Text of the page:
Our annual list of holiday gift suggestions from distinguished readers and writers.
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Keith Richards’ autobiography, Life. The narration is excellent (including a section read by Richards himself), but the book’s the thing. Not a ghost-written confection, Life conveys a three-dimensional portrait of what it’s like to be the archetypal rock star.
Charles Murray is a scholar at the American Enterprise Institute whose latest book is Coming Apart: The State of White America, 1960–2010 (Crown Forum).
When promoting a book, we authors used to say that our work was ‘available in all good bookshops.’ But soon the bookshops became crummy and now most of them have closed. Nevertheless, those bookshops—largely private—that remain are often excellent and should be cherished. They remain among the only places left that truly serve literature, offer new discoveries, and provide author and publisher with a fair profit-margin.
A good bookshop helps you to reach backward and not just chase some wretched zeitgeist. Countless people sweat through the latest heavy-yet-thin ‘must-read’ without ever having read Dickens. When I am given a new book I usually read an old one, so perhaps I am a poor person to suggest new books of the year. My favourite read this last year was the Meditations of Marcus Aurelius. I much recommend it. A sustaining shot of stoicism is exactly what we need in these silly times.
There have been some good books about politics, but I must have missed any particularly good examples of that most flatulent genre, the political memoir, this year. Daniel Hannan’s admirable, and admirably short, A Doomed Marriage: Britain and Europe was bracing but perhaps only of local interest. Other books, including Nick Cohen’s You Can’t Read This Book, Geert Wilders’ Marked for Death and Tom Holland’s In the Shadow of the Sword should certainly satisfy anyone’s epochal concerns, even when you find cause for disagreement.
Salman Rushdie’s memoir, Joseph Anton was—not unusually for the author—on the long side. But it was also more rewarding than any other long book I read this year. Since we appear fated to replay this freedom of expression vs. groundhog jihad for years to come, it could prove vital. Before the YouTube film, the cartoons, the teddy-bear, and much else, the Rushdie affair was the test of how much our societies actually believed in freedom of expression. It is well to recall those who passed that test as well as those who failed it. Rushdie explains, and settles, his accounts with admirable, and enjoyable, thoroughness.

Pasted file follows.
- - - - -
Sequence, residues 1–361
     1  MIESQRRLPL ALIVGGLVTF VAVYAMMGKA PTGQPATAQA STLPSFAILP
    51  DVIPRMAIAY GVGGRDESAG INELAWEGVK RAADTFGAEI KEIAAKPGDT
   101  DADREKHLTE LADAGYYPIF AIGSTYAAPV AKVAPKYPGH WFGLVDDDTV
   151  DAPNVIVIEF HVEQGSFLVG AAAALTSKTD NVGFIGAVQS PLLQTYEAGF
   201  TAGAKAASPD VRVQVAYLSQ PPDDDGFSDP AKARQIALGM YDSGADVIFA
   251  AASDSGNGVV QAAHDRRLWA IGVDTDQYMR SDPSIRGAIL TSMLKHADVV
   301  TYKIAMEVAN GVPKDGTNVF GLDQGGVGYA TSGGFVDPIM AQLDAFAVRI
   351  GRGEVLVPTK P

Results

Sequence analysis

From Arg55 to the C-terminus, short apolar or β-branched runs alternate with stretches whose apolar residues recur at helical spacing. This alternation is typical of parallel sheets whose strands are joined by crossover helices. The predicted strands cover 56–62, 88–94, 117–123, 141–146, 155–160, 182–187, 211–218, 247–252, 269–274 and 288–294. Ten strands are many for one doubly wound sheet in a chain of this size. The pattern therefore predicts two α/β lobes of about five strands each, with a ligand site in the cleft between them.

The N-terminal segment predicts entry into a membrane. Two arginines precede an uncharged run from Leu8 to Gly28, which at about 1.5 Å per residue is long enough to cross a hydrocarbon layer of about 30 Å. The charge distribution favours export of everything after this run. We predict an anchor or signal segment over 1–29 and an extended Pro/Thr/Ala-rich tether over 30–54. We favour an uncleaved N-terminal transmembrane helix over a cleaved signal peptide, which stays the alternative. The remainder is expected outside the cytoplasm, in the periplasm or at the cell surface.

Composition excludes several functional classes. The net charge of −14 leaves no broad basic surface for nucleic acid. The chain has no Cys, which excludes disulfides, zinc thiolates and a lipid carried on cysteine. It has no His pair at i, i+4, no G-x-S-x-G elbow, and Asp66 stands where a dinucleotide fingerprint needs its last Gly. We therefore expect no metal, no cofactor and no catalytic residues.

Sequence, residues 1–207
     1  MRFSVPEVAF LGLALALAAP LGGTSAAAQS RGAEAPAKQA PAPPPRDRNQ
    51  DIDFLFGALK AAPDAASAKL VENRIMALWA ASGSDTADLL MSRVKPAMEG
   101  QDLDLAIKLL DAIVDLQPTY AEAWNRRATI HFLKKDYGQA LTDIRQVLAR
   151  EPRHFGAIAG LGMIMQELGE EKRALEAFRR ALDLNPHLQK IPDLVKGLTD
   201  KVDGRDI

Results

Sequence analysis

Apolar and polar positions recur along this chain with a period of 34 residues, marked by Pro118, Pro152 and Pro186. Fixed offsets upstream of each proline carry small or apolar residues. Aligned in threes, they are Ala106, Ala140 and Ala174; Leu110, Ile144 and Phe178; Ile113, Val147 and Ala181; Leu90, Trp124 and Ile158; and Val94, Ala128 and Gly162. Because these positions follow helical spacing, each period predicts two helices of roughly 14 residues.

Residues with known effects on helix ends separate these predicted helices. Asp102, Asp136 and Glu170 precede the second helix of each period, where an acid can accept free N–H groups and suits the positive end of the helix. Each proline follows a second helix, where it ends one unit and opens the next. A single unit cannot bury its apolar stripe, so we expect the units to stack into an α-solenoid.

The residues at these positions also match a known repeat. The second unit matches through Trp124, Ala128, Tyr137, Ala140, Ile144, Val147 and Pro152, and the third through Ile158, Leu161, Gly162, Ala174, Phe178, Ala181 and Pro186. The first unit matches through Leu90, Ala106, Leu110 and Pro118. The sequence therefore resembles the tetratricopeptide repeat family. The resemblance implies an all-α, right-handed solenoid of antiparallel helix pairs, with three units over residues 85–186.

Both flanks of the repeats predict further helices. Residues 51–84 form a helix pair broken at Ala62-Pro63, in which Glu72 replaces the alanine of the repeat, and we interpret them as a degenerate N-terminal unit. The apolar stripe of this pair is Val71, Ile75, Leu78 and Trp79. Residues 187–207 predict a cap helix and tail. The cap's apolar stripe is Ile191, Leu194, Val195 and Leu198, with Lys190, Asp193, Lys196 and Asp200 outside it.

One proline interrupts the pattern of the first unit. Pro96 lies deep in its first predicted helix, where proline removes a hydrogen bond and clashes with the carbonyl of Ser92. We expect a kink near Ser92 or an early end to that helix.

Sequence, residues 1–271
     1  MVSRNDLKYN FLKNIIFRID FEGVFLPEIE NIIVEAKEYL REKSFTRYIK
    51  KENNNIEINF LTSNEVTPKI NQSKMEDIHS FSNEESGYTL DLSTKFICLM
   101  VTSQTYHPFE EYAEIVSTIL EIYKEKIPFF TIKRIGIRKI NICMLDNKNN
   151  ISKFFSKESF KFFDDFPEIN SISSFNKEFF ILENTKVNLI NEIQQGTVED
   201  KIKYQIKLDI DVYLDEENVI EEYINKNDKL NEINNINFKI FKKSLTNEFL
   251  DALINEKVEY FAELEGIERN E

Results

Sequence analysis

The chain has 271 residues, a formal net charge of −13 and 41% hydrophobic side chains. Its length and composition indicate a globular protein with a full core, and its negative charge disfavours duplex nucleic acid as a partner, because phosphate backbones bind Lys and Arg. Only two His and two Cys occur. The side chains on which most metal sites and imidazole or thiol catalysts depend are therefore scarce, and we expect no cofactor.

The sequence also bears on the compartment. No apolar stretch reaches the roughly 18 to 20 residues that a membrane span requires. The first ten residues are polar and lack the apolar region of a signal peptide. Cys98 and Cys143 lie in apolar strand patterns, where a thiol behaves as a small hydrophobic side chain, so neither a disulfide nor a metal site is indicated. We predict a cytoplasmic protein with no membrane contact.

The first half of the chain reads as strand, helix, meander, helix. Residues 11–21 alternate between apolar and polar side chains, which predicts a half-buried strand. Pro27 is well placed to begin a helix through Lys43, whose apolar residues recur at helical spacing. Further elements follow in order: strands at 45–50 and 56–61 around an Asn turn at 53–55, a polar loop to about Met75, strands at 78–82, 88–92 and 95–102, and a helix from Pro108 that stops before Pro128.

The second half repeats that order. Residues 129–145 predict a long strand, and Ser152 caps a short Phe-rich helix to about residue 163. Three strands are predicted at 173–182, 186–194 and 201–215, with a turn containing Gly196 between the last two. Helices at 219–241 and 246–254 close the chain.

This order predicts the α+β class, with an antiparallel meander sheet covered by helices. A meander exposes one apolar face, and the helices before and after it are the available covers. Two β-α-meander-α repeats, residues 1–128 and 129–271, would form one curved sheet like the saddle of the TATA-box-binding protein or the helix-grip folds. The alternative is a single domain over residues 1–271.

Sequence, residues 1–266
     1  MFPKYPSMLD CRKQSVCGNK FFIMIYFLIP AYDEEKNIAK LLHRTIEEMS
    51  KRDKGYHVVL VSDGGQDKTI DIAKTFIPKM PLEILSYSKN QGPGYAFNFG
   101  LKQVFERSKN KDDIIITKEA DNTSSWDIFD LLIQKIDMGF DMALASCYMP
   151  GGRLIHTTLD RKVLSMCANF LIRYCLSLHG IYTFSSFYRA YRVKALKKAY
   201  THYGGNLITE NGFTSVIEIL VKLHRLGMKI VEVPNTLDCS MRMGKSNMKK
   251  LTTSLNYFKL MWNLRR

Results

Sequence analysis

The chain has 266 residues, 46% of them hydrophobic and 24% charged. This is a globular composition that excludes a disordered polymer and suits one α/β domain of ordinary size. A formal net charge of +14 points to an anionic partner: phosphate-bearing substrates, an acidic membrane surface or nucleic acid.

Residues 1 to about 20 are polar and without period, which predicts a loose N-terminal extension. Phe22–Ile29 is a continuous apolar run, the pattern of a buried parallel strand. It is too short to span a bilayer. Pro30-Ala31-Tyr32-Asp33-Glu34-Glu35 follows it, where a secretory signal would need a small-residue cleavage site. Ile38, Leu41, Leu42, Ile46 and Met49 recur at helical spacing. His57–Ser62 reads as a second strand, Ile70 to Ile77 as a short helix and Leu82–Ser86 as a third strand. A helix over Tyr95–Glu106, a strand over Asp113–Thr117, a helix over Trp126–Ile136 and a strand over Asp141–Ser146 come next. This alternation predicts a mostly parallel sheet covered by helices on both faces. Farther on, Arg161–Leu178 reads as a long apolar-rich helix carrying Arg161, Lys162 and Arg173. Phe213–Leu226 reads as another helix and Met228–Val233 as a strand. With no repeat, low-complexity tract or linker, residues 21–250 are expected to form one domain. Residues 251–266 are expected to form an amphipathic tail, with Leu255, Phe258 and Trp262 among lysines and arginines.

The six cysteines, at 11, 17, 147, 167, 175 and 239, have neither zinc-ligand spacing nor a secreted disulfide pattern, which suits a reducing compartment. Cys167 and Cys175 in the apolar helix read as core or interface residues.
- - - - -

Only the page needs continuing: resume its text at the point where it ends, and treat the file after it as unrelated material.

Among pleasanter books, Roger Scruton’s Our Church is not only as superbly knowledgeable and beautifully written as readers would expect, but also deeply moving. If an upsurge in conversions to Common Prayer Anglicanism is ever possible it would be on account of this book.
The monumental work on Benjamin Britten’s Letters has reached its sixth and final volume in time for the composer’s 2013 centenary. What politics Britten held may not be up this magazine’s—nor my—street. But this, and the often absurdly extensive footnotes, aside, it is worth reading for better acquaintance with an artistic genius of the first rank.
The year 2012 saw the death of one of our best historians. If readers have encountered nothing by Gitta Sereny, it would be the finest tribute to her, and to history, to take the opportunity to read Into That Darkness. It is the best book I know on history’s darkest moment.
Among humorous books, no book I read this year—including James Thurber for the first time—made me laugh as much as Poetry of the Taliban. I understand the editors of this volume hoped that these poems would reveal the real and surprising souls behind the Taliban. Personally I found the volume to contain exactly the poetry I would expect from a bunch of homicidal, homo-erotically confused, not-quite-medieval-yet maniacs.
Finally, it wouldn’t be a Christmas book selection without selecting something completely un-Christmassy and self-regarding. Happily, my latest book, Bloody Sunday, has been praised across the political spectrum for being not only truthful and devastating, but a page-turner to boot. Of course it should be bought by everybody, but even I would not recommend starting it until Boxing Day.
Douglas Murray is an author, contributing editor at the Spectator UK and associate director of the Henry Jackson Society
A man of faith in a godless age is hitting Americans where it hurts.
Mr. and Mrs. American Spectator Reader, let P.J. O’Rourke talk sense to your kids.
In Britain, defending your property can get you life.
It won’t take long for conservatives to scratch this presidential wannabe off their 2008 scorecard.
Was the President done in by the economy, or by the politics of the economy?